Social Security serves as a financial lifeline for millions of retired seniors. But most of today's workers are doubtful those benefits will be around once it's their time to retire.

In a newly released Northwestern Mutual study, only 20% of Americans think it's extremely likely that Social Security will be around in the future. This means that the overwhelming majority of workers have their doubts about the program's long-term viability. The question is: Are they right?

Social Security is facing challenges

Though Social Security isn't currently in danger, its future is somewhat dubious. That's because come 2034, the program's trust funds are expected to run dry, and once they do, Social Security's incoming tax revenue won't suffice in keeping up with scheduled benefits. This means that future beneficiaries can anticipate major cuts if Congress doesn't intervene with a viable fix -- something it's failed at to date.

Social Security cards


Now the extent to which future benefits are slashed under this sort of scenario are up for debate. Currently, the projection sits around 23%, which means future beneficiaries might only collect 77% of what they'd otherwise be entitled to. And given the number of seniors who rely on those benefits in the absence of independent savings, that's definitely not a good thing.

On the other hand, we can choose to look at this from a positive angle. As of today, Social Security's anticipated worst-case scenario is nothing more than a 23% reduction in benefits, which means future recipients will still collect the bulk of what they're eligible for. So while it's understandable for the public to have its doubts about Social Security, those who are ready to give up on it may, in fact, be jumping the gun.

Then again, forgetting about Social Security isn't such a bad thing, either. And if more people do it, they might actually take steps to save for the future, which is something we all need to be doing in the first place, regardless of whether those benefits actually come through for us.

Take control of your retirement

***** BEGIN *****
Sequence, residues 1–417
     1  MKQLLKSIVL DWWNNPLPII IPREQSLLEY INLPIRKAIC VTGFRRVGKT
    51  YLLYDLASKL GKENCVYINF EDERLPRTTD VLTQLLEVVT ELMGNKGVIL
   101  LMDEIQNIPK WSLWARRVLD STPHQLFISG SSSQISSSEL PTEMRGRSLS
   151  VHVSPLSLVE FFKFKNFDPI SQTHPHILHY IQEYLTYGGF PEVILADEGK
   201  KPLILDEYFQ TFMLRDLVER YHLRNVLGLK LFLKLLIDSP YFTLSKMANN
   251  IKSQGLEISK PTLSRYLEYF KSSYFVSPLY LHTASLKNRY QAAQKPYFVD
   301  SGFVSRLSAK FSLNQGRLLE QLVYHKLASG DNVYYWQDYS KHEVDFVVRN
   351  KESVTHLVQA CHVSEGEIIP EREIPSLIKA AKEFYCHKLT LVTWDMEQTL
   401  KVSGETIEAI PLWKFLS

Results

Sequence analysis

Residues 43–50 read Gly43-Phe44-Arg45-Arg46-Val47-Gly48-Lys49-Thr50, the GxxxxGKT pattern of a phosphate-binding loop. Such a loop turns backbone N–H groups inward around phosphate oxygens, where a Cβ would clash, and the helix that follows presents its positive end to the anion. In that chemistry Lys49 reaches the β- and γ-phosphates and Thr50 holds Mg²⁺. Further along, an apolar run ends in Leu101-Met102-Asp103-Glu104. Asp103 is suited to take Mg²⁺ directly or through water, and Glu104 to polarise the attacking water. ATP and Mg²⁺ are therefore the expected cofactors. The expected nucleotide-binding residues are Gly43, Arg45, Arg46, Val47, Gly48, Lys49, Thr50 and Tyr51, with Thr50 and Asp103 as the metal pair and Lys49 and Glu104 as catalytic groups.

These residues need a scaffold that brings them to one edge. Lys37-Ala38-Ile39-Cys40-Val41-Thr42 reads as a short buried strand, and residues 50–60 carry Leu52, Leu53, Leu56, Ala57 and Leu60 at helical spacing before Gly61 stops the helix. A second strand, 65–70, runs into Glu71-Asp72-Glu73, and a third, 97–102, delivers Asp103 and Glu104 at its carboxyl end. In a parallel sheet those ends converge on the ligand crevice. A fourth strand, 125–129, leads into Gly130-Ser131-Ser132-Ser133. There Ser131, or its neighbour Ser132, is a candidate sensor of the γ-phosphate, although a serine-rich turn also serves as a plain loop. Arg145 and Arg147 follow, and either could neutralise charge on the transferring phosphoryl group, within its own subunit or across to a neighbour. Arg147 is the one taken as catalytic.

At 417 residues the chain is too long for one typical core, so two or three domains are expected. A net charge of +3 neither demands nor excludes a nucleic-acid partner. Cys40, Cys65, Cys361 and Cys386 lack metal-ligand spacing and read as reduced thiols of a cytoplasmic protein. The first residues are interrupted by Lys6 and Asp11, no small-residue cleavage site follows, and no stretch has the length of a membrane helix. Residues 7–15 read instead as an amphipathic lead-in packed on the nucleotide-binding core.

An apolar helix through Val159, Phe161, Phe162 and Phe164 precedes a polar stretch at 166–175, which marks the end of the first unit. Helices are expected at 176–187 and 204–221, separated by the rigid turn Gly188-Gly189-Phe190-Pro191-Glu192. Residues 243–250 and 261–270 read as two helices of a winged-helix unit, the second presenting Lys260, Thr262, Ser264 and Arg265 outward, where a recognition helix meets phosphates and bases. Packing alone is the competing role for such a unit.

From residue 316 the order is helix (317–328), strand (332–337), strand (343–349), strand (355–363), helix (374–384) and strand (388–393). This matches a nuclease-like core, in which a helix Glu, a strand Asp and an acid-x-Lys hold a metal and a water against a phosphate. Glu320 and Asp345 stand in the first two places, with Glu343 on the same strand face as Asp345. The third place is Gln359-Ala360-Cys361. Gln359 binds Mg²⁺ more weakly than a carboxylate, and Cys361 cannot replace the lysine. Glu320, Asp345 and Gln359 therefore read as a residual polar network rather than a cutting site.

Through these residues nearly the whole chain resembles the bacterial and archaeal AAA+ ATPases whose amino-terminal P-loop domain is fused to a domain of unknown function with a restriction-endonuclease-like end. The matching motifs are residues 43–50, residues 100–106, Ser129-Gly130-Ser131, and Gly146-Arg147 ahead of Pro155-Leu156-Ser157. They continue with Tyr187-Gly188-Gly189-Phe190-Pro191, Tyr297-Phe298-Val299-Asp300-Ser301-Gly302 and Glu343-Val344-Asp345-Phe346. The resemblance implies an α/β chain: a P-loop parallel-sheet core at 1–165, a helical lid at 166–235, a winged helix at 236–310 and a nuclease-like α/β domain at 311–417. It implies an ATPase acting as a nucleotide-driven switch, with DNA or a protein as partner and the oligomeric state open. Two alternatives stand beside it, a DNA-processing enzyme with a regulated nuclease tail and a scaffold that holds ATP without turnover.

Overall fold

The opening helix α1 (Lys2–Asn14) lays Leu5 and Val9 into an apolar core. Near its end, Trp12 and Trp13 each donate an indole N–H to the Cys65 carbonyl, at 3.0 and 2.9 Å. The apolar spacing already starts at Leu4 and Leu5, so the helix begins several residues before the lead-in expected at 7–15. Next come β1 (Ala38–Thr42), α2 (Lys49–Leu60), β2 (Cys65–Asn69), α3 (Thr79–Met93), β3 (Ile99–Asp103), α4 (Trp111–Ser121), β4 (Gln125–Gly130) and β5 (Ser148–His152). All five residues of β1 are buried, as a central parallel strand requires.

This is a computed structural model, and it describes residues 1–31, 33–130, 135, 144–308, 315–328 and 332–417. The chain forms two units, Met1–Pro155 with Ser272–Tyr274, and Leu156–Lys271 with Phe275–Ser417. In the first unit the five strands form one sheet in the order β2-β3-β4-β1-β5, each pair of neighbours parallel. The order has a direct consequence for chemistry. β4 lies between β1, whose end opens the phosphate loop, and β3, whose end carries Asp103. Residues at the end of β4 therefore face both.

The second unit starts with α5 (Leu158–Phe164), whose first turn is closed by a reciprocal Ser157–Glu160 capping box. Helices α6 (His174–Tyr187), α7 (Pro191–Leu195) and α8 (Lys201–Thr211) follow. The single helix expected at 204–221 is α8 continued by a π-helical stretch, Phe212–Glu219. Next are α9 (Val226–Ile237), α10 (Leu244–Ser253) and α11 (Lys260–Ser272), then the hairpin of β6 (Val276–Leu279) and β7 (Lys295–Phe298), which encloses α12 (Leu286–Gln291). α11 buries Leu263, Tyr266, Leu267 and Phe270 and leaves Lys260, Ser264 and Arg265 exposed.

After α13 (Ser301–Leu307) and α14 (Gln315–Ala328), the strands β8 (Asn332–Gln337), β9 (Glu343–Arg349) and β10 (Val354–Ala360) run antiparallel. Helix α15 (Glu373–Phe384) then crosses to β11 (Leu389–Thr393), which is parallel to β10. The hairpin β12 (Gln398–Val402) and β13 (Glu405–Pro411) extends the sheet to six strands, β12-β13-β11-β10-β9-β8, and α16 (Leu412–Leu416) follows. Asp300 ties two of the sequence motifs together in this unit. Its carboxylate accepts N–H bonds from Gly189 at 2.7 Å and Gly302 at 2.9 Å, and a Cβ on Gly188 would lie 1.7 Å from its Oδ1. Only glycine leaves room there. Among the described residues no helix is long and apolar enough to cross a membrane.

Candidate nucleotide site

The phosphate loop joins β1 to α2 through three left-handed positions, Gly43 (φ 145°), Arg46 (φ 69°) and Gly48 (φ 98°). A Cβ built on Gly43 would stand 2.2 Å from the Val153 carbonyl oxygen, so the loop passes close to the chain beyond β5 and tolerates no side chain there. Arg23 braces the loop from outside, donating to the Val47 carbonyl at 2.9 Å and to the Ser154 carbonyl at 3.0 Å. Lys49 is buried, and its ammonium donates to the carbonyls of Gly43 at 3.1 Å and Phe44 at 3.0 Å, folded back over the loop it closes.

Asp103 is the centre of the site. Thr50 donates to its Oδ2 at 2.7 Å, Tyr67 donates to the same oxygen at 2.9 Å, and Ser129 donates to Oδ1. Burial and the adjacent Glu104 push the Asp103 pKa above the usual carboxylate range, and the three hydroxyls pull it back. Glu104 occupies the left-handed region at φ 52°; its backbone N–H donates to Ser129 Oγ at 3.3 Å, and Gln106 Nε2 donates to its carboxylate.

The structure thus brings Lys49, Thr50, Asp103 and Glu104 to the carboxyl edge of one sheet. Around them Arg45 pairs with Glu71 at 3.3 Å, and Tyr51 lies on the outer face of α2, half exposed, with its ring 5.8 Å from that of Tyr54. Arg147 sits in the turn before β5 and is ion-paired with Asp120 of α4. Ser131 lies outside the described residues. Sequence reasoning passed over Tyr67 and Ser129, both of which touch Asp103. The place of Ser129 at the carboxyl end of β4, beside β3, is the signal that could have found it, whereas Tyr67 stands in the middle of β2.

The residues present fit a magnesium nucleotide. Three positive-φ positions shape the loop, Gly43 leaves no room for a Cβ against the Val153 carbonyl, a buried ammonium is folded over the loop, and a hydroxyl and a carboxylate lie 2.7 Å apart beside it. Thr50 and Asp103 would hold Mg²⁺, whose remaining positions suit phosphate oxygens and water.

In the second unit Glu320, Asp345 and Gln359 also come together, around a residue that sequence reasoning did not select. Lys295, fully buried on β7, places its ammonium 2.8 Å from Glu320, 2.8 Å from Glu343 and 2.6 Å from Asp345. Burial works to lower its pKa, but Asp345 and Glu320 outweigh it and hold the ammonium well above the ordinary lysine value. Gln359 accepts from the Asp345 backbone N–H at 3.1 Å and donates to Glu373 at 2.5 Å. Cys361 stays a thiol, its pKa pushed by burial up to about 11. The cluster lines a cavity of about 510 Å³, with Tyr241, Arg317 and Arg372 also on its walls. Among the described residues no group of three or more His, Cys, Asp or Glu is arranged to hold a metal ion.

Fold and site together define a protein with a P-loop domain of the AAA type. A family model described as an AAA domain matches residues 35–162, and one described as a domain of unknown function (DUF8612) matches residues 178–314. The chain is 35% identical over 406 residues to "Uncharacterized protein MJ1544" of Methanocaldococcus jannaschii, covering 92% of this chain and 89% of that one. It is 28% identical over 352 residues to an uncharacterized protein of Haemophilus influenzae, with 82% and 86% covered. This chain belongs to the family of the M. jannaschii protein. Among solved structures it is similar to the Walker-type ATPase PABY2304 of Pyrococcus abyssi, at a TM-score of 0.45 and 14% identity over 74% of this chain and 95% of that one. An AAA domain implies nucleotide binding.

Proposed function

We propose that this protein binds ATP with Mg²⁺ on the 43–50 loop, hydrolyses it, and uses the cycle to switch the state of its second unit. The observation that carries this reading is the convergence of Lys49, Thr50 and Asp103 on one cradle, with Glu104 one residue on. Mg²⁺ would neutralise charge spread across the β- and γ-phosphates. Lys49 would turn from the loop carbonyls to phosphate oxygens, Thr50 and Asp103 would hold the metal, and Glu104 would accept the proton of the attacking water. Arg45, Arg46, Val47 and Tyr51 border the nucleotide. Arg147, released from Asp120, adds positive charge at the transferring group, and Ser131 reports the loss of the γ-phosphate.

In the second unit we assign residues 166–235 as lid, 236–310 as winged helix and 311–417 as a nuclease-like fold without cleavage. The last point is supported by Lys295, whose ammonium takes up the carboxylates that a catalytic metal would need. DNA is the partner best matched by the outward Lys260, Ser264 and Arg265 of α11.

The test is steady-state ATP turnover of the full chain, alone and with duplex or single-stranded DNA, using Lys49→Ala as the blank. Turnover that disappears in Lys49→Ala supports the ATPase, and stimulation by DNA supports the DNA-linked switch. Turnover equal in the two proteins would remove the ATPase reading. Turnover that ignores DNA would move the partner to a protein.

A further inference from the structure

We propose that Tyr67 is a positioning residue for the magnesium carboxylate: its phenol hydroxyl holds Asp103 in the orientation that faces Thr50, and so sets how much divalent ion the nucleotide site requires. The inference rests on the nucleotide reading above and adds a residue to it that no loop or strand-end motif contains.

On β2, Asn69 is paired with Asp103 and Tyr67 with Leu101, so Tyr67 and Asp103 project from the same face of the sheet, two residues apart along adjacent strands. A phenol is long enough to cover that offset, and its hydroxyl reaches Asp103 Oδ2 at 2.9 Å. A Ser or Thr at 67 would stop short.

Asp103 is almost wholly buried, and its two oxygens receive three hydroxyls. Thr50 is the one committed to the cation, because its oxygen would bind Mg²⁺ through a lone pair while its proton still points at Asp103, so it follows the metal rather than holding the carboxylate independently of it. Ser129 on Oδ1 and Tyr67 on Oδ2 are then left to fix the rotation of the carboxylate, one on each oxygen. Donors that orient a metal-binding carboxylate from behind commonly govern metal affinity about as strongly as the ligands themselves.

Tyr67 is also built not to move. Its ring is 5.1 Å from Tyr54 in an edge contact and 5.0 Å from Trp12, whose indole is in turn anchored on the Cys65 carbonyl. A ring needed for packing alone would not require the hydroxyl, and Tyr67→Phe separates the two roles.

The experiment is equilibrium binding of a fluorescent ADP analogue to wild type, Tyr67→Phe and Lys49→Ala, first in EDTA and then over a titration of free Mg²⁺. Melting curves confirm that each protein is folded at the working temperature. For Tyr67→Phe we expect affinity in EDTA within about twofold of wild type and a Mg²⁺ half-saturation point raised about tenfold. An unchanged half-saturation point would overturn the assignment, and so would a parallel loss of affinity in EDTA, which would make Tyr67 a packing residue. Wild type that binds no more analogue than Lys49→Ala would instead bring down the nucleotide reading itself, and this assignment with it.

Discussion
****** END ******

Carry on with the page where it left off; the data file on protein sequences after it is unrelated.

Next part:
If you're among the bulk of Americans who are ready to write off Social Security, here's some reassuring news: Those benefits were never designed to fully cover your senior living costs in the first place. Rather, Social Security currently replaces about 40% of the average worker's preretirement income. Most folks, however, need double that amount, if not more, to pay the bills during their golden years. That's why saving independently is crucial -- regardless of what the future has in store for Social Security.

Here's some more good news: You don't need to set aside a huge chunk of your paychecks to attain some financial security down the line. If you start putting money away early enough in your career, you can turn a series of relatively small contributions into a sizable nest egg over time.

The following table illustrates this concept more thoroughly:

If You Start Saving $200 a Month at Age:

Here's What You'll Have by Age 65 (Assumes an 8% Average Annual Return):
















You can't help but notice the difference between kick-starting your savings efforts at 25 or 30 versus doing so 10 or 20 years later. Furthermore, the above table assumes a fairly modest monthly contribution of $200 -- not a life-changing amount. But if you're willing to save more, you'll end up with more. It's that simple.

Of course, the longer you delay your savings efforts, the less you stand to gain from investing. In our example, saving $200 a month starting at age 25 means forking over a total of $96,000 in out-of-pocket contributions. Yet over 40 years, that amount has the potential to grow into $622,000 if we apply an average yearly 8% return on investment, which is more than feasible with a stock-heavy portfolio.

Of course, if you've already been working for many years and have yet to start building a nest egg, which is the case for numerous Americans, then you'll obviously be looking at a narrower savings window, in which case you'll need to ramp up your contributions going forward to make up for lost time. But even so, you still have a pretty decent opportunity to establish some level of savings, which is critical regardless of Social Security's ultimate fate.

We don't know what the future holds for Social Security. Maybe we'll collect most of our benefits, or maybe they'll face further cuts as things evolve. But one thing's for sure: Independent savings are a must no matter what happens to Social Security, and the sooner more people accept that, the better off they'll be down the line.